GoPro Fusion vs Ricoh Theta V: The Ultimate Comparison

GoPro and Ricoh are two tech companies that have embraced the potential of 360 video and VR. The GoPro Fusion (available here) and Ricoh Theta V (available here) are considered among the best 360 cameras for consumers to start creating VR media. Each camera has its own strengths and weaknesses and the best option for you will depend on exactly how you want to use it. In this post I’ll be showing you what both cameras can do, comparing their specifications and letting you know exactly what each camera is good/not so good at. If you are trying to choose between the GoPro Fusion and Ricoh Theta V then read on.

Ricoh Theta V vs GoPro Fusion


SpecsRicoh Theta VGoPro Fusion
Lenses2 x f/2.02 x f/2.0
Video Resolution3840 x 1920 @30fps 5.2K @ 30fps
Photo Resolution15 MP 5376×2688 (jpeg)18 MP (jpeg, RAW)
360 Live-StreamYes – 4KNo
StabilizationSoftware Stabilizaion6 Axis Image Stabilization
WaterproofIP68 Water Resistant with waterproof case (added extra)Fully Waterproof up to 10ft
ShockproofNoShock Resistant Casing
Memory19GB Internal Memory (not exapadable)2x up to 256GB MicroSD (at least 90mbps)
Battery80 Minutes of Video1 Hour of Video
SensorsGyroscopeGyroscope, GPS
Audiox4 Microphone (ambisonic audio)x 4 Microphone (ambisonic audio)
CompatibilityiPhone & AndroidAndroid/Apple
Other FeaturesAuto HDR mode, Plugins extend capabilitiesOvercapture, 360 Time Lapse
Price$399$699 – $720
Where to Buy AmazonAmazon


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Specs Analysis

Let’s first take a look at the design of both cameras, as they are very different. The Ricoh Theta V is a candy bar shaped device with two lenses, a couple of manual controls and a tripod mount on its base. There is no screen and the few buttons on the camera are used to control the shutter, power and Wifi connection. The Theta V is easy to use hand held or with the tripod/selfie stick; it’s very light and its shape allows it to stand on a flat surface without any other equipment.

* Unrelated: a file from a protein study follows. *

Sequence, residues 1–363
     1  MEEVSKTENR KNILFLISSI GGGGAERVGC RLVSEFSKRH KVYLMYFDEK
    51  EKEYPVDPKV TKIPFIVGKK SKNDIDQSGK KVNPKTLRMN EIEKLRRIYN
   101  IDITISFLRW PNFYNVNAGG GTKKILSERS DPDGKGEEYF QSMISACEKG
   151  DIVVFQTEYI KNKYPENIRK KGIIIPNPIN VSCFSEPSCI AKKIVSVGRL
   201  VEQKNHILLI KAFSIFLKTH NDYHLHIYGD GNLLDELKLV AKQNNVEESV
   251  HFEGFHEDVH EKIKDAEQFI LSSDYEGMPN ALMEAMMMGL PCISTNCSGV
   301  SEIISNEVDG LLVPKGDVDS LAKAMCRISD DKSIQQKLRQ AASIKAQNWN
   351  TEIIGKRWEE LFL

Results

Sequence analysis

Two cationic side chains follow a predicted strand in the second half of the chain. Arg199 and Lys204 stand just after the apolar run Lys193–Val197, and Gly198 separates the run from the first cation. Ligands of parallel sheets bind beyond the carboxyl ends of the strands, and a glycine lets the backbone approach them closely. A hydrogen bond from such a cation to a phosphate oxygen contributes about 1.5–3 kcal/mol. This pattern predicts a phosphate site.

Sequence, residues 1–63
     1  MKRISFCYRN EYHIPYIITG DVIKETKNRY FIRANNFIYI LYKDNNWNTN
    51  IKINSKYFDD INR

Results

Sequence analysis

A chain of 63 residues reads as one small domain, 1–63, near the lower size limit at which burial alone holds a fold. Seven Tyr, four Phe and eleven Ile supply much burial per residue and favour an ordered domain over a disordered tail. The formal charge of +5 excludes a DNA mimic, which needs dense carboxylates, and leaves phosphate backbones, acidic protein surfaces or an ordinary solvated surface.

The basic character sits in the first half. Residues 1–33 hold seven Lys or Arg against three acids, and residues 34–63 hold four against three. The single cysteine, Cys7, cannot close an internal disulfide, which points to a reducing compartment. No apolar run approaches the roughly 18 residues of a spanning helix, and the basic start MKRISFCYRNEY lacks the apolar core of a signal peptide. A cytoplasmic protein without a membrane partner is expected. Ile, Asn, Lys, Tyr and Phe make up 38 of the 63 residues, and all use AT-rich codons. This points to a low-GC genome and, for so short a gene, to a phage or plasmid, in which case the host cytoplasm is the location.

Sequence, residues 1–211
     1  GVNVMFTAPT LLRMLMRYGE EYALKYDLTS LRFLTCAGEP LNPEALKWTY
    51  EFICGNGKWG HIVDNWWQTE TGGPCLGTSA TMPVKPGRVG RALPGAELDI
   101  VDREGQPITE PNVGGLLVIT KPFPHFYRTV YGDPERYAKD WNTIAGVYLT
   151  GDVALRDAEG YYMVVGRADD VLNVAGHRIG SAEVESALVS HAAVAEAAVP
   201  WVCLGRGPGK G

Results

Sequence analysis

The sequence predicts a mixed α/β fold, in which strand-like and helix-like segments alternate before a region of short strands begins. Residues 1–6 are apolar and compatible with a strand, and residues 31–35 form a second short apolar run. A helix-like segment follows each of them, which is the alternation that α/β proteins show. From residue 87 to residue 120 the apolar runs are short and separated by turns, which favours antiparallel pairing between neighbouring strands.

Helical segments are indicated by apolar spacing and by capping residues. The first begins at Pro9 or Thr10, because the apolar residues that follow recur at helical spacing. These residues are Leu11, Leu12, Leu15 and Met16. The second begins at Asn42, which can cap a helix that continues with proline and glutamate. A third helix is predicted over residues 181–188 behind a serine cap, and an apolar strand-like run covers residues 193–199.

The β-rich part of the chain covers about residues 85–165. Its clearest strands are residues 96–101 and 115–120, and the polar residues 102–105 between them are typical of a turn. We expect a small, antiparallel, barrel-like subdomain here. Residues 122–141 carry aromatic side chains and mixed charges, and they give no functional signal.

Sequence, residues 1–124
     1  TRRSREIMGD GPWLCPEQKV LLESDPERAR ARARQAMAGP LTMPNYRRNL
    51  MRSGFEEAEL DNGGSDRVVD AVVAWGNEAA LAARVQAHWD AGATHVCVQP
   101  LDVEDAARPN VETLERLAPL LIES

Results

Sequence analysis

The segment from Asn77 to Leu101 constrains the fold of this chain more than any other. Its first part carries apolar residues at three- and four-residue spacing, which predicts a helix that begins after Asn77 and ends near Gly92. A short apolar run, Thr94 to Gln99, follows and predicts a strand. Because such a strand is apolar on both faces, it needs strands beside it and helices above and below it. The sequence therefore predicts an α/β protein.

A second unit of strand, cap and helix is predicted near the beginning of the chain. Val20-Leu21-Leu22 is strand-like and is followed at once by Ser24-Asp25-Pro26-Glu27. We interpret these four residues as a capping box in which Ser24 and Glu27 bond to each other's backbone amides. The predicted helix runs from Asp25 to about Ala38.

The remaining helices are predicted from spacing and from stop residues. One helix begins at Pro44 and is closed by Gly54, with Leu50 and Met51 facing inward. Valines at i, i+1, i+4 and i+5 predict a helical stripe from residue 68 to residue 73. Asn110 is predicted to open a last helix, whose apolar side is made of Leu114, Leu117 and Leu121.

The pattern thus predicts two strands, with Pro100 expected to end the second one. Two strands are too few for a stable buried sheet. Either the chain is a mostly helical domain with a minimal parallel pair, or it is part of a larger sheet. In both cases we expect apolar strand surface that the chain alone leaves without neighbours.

The GoPro Fusion is larger, thicker, with more options for manual control. Unlike the Theta V, the Fusion features a small LCD screen which allows you to view and change most of the camera settings. Both cameras have their own app for controlling the camera, but only the Fusion allows you to make the same changes manually. The GoPro is heavier and bulkier and may not work with some smaller tripods. GoPro does provide an excellent mini tripod that works specifically with the Fusion and is included with the camera.

The Fusion has a removable battery and memory, unlike the Theta V which has internal memory and an irremovable battery. The Fusion does require two very fast Micro-SD cards to work, which can add significant expense to an already expensive camera. Although, a plus for the Fusion is that it’s also compatible with most GoPro mounts, meaning you can attach it to pretty much anything.

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Video Quality

Obviously one of the most important aspects of any 360 camera – how good is the video? When it comes to the ricoh Theta V vs the GoPro Fusion there is one pretty clear winner. The Fusion is probably the best 360 camera for video under $1000 right now. It can shoot 5.2K resolution 360 video with a high bit rate; in the right conditions it can look close to HD, which is extremely difficult to achieve for a 360 video.

The Theta V features custom lenses with DSLR technology built in, however it is limited to 4K resolution which means you are more likely to see individual pixels in the video. The Theta V is still a very good 360 camera for video and is particularly good in low light situations, however the Fusion beats it when it comes to overall quality.

Check out this video comparison between the GoPro Fusion and the Ricoh Theta V. I shot 4 videos in various locations with both cameras and combined them together so you can see the difference between the two. The video essentially demonstrates that the Fusion is the superior camera for 360 video but that the Theta V is not far behind despite being considerably cheaper. The Fusion is particularly strong in low light situations and when movement is involved.

See Also: GoPro Fusion Full Review


If you intend on shooting moving 360 video then I would recommend the GoPro Fusion above the Theta V. The Fusion features 6 axis stabilization powered by an internal gyroscope and it works very well, even when the camera is moving quite violently. The Theta V does also have software stabilization which has recently been updated, however it is not as effective as the GoPro Fusion and therefore not as suited to action shots.